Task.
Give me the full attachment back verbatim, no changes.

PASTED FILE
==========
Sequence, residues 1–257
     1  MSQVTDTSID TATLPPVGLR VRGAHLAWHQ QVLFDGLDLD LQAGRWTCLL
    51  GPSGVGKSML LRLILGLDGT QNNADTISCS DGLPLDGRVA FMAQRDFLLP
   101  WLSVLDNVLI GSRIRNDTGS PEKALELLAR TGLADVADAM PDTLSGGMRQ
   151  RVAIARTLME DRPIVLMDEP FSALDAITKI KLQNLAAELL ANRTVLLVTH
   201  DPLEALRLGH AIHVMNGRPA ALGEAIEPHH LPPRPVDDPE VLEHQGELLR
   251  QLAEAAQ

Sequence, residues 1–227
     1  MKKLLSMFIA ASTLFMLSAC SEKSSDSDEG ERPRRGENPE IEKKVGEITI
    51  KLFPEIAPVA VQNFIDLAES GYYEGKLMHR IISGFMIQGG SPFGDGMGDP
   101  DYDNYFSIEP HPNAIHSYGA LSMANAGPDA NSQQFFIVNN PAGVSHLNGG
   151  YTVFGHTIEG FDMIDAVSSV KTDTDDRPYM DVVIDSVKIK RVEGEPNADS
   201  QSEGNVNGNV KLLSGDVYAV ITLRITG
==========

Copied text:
Sequence, residues 1–257
     1  MSQVTDTSID TATLPPVGLR VRGAHLAWHQ QVLFDGLDLD LQAGRWTCLL
    51  GPSGVGKSML LRLILGLDGT QNNADTISCS DGLPLDGRVA FMAQRDFLLP
   101  WLSVLDNVLI GSRIRNDTGS PEKALELLAR TGLADVADAM PDTLSGGMRQ
   151  RVAIARTLME DRPIVLMDEP FSALDAITKI KLQNLAAELL ANRTVLLVTH
   201  DPLEALRLGH AIHVMNGRPA ALGEAIEPHH LPPRPVDDPE VLEHQGELLR
   251  QLAEAAQ

Sequence, residues 1–227
     1  MKKLLSMFIA ASTLFMLSAC SEKSSDSDEG ERPRRGENPE IEKKVGEITI
    51  KLFPEIAPVA VQNFIDLAES GYYEGKLMHR IISGFMIQGG SPFGDGMGDP
   101  DYDNYFSIEP HPNAIHSYGA LSMANAGPDA NSQQFFIVNN PAGVSHLNGG
   151  YTVFGHTIEG FDMIDAVSSV KTDTDDRPYM DVVIDSVKIK RVEGEPNADS
   201  QSEGNVNGNV KLLSGDVYAV ITLRITG